Sunday, April 14, 2002

Abuse robbed family of faith

By Richelle Thompson,
The Cincinnati Enquirer

        Dr. Ray and Micky Dasenbrock used to set up the stations of the cross in their Mount Washington home during Lent. Their four children attended Catholic schools, and their middle son, Steve, seemed destined for the priesthood.

        “It never entered our mind to be anything other than Catholic,” says Mary “Micky” Dasenbrock, who was named in honor of the Virgin Mary. “The Catholic church defined who we were, socially and religiously.”

[photo] Steve Dasenbrock and his brother Bill (left) were camping with George Cooley, who was then a priest, when he molested him some 20 years ago. Steve was 12; Bill was 9.
(Craig Ruttle photos)
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        Today, two decades after a Catholic priest molested the two youngest Dasenbrock boys, the family doesn't attend any church. Faith in God still plays an important role, but they're soured on organized religion.

        “I had invested my life in the Catholic church,” says Mrs. Dasenbrock, 58. “When I needed them most, they turned on me. I was treated like a pariah. My whole foundation was ripped away.”

        In 1989, Mrs. Dasenbrock was badgering her 19-year-old son, Steve, about not attending Mass. He would go to a Protestant church with a girlfriend, but he wouldn't participate in the faith of his family.

        Finally, he told his mother about a camping trip when he was about 12 years old. Father George Cooley, the associate priest at their parish of Guardian Angels, started rubbing Steve's back, rolled him over and fondled him.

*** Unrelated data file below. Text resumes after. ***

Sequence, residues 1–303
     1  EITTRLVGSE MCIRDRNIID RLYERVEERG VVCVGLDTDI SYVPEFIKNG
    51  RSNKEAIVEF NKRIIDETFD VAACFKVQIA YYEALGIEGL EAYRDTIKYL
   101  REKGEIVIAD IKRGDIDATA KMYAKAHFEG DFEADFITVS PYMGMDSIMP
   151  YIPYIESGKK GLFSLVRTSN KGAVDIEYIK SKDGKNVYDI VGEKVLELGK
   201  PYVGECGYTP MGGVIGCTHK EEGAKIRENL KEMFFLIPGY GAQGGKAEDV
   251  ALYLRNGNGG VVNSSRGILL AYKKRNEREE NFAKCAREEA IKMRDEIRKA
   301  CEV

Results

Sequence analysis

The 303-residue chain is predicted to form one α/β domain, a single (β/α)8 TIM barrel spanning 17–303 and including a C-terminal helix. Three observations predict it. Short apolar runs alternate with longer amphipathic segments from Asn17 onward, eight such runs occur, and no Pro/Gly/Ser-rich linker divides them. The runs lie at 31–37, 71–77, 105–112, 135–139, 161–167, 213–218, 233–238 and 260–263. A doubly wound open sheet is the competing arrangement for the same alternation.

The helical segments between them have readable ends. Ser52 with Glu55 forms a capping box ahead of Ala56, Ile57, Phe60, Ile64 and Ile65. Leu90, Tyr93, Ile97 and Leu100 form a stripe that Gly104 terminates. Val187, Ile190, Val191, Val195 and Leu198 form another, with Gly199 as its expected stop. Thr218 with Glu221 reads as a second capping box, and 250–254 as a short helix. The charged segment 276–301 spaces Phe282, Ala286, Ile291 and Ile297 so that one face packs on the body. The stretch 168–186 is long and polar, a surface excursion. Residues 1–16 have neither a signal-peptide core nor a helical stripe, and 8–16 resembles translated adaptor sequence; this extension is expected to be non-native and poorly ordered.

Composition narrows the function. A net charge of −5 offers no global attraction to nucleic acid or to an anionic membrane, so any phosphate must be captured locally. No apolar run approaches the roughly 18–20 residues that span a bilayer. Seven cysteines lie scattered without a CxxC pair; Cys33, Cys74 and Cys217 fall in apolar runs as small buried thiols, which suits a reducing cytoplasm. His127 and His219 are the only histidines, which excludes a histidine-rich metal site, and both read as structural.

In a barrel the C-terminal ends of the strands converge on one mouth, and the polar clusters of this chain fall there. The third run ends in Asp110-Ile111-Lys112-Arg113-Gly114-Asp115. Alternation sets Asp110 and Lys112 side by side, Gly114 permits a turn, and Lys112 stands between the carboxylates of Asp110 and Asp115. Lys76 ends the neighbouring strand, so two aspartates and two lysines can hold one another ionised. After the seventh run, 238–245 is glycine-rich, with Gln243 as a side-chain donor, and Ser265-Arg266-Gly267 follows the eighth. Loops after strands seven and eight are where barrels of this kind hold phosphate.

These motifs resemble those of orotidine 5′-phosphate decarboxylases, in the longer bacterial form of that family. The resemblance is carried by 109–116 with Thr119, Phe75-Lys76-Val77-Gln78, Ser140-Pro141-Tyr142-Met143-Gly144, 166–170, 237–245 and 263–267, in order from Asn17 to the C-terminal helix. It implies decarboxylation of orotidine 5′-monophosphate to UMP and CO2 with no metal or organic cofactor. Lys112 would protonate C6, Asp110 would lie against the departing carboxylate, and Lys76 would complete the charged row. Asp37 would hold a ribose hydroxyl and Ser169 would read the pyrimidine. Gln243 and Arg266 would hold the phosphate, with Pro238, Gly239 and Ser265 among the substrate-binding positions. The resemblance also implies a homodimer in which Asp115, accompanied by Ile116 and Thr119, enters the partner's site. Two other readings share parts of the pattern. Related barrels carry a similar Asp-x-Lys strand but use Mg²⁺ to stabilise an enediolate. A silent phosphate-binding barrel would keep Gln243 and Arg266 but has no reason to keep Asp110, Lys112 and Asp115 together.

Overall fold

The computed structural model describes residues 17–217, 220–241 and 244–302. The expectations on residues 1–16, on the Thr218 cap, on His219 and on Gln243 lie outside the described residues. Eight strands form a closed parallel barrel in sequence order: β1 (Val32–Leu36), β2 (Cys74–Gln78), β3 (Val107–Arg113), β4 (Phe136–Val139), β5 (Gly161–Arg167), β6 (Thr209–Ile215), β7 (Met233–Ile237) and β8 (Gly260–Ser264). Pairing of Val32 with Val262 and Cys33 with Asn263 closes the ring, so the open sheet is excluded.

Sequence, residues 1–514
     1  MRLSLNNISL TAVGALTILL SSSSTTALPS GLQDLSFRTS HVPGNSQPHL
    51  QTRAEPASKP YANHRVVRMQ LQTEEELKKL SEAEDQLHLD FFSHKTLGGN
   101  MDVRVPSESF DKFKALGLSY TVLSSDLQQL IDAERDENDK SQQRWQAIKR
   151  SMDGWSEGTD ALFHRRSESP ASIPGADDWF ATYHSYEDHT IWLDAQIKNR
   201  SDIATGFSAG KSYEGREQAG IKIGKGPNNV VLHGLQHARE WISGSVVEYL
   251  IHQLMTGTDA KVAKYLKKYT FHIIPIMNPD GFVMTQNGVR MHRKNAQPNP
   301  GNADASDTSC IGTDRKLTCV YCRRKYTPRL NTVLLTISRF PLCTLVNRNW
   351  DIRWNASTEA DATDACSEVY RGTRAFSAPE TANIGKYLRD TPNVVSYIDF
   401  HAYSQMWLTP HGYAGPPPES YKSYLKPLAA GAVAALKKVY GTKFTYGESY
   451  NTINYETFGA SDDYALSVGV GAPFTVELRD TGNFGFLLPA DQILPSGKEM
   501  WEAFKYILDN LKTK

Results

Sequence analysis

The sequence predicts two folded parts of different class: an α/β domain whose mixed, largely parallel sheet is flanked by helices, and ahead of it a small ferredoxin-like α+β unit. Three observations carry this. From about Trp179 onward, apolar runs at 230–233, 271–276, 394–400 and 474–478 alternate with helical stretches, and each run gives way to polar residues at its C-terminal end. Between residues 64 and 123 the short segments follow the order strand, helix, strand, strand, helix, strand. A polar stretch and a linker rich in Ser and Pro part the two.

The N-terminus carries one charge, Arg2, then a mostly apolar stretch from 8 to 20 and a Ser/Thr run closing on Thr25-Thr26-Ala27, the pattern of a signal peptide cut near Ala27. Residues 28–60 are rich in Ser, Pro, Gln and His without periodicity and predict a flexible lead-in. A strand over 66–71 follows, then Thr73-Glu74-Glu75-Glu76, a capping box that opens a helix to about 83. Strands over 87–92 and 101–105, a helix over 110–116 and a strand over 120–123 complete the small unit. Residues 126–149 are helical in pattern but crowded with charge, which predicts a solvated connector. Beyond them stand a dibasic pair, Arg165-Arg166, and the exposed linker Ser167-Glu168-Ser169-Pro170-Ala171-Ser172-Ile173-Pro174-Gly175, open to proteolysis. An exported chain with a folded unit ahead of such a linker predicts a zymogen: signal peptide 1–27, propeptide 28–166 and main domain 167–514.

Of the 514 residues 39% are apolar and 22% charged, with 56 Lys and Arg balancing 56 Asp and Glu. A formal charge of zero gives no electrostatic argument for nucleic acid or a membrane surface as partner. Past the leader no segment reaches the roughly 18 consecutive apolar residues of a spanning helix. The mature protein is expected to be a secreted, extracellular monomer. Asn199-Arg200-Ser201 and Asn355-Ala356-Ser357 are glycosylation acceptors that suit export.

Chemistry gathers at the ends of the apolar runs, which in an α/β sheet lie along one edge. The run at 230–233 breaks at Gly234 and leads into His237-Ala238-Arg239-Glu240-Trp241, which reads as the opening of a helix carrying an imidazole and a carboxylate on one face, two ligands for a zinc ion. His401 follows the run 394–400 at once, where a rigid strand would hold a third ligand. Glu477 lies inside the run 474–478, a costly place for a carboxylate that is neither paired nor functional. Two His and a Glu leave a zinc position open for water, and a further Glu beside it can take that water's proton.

“It was like a split went on in my head,” says Steve, 32, today a stay-at-home dad of two sons in Anderson Township. “I thought it had to somehow be my fault. Because priests don't do that. Priests are one step from God.”

[photo] Mary Dasenbrock listens to her sons describe their encounters with Father Cooley
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        About the same time, his younger brother, Billy, spent the night at the rectory, where Father Cooley kept video games and often invited children for sleepovers.

        Now 28, Bill Dasenbrock recalls sleeping on the couch when Father Cooley lay on top of him and fondled him.

        “In a moment, everything I'd been taught to believe in, the trust in the person closest to God, just vanished,” says Bill Dasenbrock, 28, of Hyde Park.

        The Dasenbrocks reported the abuse to their local priest, then to archdiocesan officials. The church spent more time protecting itself and its priests than it did ministering to molestation victims, Mrs. Dasenbrock says.

        By spring of 1990, frustrated at the church's lack of response, the Dasenbrocks went to the prosecutor's office.

        Eventually, Father Cooley pleaded guilty to molestation charges, including the incidents with the Dasenbrocks. He initially served three months in jail, then another 15 months after violating his probation. He also was defrocked and pushed out of the priesthood.

        In 1994, the Dasenbrocks settled a civil suit with the church out of court. Terms are confidential.

        Archbishop Daniel Pilarczyk has declined to name the “fewer than five” priests with a history of sexual misconduct who are still serving in pastoral roles.

        He told The Enquirer that the way Mr. Cooley's situation was handled wasn't adequate nor was it the right thing to do. But he said the church responded in a way advocated by child abuse experts: remove the offender from the situation and tell the child to forget about it.

        “The (Cooley case) lesson is: Life is hard, and sometimes the only way to learn is through mistakes and through suffering,” the archbishop said.

        Archdiocesan officials contend they followed the law requiring them to report sex abuse, saying the statute of limitations may have expired.

        Mrs. Dasenbrock responds: “I have such a hard time seeing Jesus Christ saying, "We don't have to deal with this person because the statute of limitations has run out.'”


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